A German intelligence officer searches for a Chechen immigrant whom he’s certain will lead him to a deeper terrorist network in A Most Wanted Man.
The world’s intelligence communities are dominated by both reality and paranoia concerning future potential terrorist actions. Günther Bachmann (Philip Seymour Hoffman) heads up a secret anti-terrorism unit in Hamburg. His main task is to collect as much information as possible regarding any terrorist threat.
The latest target of his attention is an enigmatic Chechen immigrant named Issa Karpov (Grigoriy Dobrygin). His recently deceased father was a well-known Russian militant with clear ties to terrorism. The father left him millions of Euros tucked away safely in a Hamburg bank. Bachmann is certain that Karpov has come to his city to collect the money and give much of it to a terrorist cell. He hopes to use Karpov in a sting to entrap a suspected money man behind a major terrorist network. Meanwhile, the head of Germany’s more public intelligence branch, Dieter Mohr (Rainer Bock), doesn’t share Bachmann’s deeper concerns and simply wants to arrest Karpov before he has a chance to reach out to anyone. While seemingly on the same side, their cross-purposes result in continual clashes and petty mistrust that threaten to derail both their missions. This dialogue-driven tale of international intrigue plays a tense cat-and-mouse game that showcases the lack of respect and cohesiveness that exists between competing intelligence efforts. Hoffman, in one of his last roles, gives another winning performance, although it’s slightly tainted by a distracting and somewhat confusing accent. Much of the story centers on Bachmann’s interactions with Annabel Richter (Rachel McAdams), a young sympathetic lawyer representing Karpov, and Tommy Brue (Willem Dafoe), the not-so-innocent director whose bank holds Karpov’s inheritance. The casting is superb across the board with Hoffman, McAdams and Dafoe joining Robin Wright (as a teflon-like CIA operative) in strong performances.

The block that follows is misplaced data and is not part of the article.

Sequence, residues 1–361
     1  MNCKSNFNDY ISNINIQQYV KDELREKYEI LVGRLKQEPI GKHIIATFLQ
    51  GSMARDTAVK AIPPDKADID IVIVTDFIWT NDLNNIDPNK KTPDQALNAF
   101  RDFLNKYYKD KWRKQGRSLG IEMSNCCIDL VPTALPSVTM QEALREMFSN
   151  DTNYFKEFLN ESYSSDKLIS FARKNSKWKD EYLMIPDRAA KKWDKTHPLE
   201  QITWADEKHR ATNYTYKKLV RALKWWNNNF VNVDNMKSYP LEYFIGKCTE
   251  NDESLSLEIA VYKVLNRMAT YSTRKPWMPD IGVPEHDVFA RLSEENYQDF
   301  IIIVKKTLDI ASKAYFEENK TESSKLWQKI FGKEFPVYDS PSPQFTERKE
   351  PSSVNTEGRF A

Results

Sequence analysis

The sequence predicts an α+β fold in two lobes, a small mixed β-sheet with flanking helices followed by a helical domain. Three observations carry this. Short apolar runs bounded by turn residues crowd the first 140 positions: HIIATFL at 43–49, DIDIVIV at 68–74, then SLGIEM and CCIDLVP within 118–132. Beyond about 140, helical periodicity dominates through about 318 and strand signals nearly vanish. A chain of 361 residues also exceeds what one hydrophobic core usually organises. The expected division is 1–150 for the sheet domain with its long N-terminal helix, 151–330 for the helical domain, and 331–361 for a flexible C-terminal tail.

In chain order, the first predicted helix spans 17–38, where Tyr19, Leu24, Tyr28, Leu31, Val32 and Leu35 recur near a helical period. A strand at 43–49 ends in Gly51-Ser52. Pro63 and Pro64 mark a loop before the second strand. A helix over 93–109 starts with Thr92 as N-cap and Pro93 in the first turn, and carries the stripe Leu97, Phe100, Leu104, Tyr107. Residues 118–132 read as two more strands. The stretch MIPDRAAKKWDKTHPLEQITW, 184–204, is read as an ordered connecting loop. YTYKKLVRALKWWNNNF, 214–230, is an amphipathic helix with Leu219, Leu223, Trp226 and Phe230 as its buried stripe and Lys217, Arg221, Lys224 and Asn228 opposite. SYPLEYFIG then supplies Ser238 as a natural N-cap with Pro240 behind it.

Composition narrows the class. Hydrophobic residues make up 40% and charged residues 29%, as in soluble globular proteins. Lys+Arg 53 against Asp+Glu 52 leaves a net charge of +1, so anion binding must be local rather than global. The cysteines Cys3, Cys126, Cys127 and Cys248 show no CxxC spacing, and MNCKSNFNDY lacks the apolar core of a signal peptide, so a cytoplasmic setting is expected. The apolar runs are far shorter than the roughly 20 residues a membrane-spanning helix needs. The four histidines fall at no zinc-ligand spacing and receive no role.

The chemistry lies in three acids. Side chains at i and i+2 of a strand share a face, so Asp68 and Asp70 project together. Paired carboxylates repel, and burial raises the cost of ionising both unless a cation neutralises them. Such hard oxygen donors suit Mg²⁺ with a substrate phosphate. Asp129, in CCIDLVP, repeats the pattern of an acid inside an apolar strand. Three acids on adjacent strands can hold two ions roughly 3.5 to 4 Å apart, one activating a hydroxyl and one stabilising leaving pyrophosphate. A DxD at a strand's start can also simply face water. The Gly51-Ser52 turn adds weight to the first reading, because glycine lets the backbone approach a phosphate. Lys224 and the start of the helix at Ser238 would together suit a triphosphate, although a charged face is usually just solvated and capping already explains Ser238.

This feels very much like a championship chess match in every way. Each move is planned to the last detail with every response hopefully accounted for. Sadly, it’s every bit as dull as a chess game to watch. The pacing, at least until the film’s final act, is interminably slow and permeated by heavy, ominous-sounding political babble that’s not straightforward to follow. Karpov’s paper-thin backstory is especially annoying. We’re never quite sure where his allegiances lie, and as a result, we can’t decide whom to root for.
The final insult involves one of the most unsatisfying endings imaginable. It takes a winning cast and an otherwise workable story and turns it into a most unwanted experience.